## Theta2 for field                                   1.46      2.705   1.351
## Theta3 for field                                  -2.62     -1.715  -2.499
##
## Marginal log-Likelihood:  -1258.42
##  is computed
## Posterior summaries for the linear predictor and the fitted values are computed
## (Posterior marginals needs also 'control.compute=list(return.marginals.predictor=TRUE)')

Let us compare with the cost from the previous fit, with the default value of nu.upper.bound of 4:

# nu.upper.bound = 4
rspde_fit$cpu.used ## Pre Running Post Total ## 3.68718886 19.32076812 0.08048391 23.08844090 # nu.upper.bound = 2 rspde_fit_2$cpu.used
##         Pre     Running        Post       Total
##  3.53108907 14.62630796  0.05967283 18.21706986

We can see that the fit for nu.upper.bound equal to 2 was considerably faster.

Finally, let us get the result results for the field and see the estimate of $$\nu$$:

result_fit_2 <- rspde.result(rspde_fit_2, "field", rspde_model_2)
summary(result_fit_2)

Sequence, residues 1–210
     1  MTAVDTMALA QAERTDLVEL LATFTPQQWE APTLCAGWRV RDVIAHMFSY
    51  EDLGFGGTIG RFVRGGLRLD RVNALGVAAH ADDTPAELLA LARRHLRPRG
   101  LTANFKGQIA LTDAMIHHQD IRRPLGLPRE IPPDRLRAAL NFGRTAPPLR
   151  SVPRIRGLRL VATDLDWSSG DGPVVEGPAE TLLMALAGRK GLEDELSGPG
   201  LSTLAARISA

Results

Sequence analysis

##             mean        sd 0.025quant 0.5quant 0.975quant     mode
## std.dev 0.416207 0.0440798  0.3433950 0.411116   0.515533 0.399513
## range   5.166700 3.4794000  1.4724000 4.205800  14.519700 2.935480
## nu      0.150516 0.0639120  0.0532197 0.141838   0.299213 0.123590

### Changing the order of the rational approximation

To change the order of the rational approximation all we have to do is set the argument rspde.order to the desired value. The current available possibilities are 1,2,3,…, up to 8.

The higher the order of the rational approximation, the more accurate the results will be, however, the higher the computational cost will be.

The default rspde.order of 2 is generally a good choice and reasonably accurate. See the vignette Rational approximation with the rSPDE package for further details on the order of the rational approximation and some comparison with the Matérn covariance.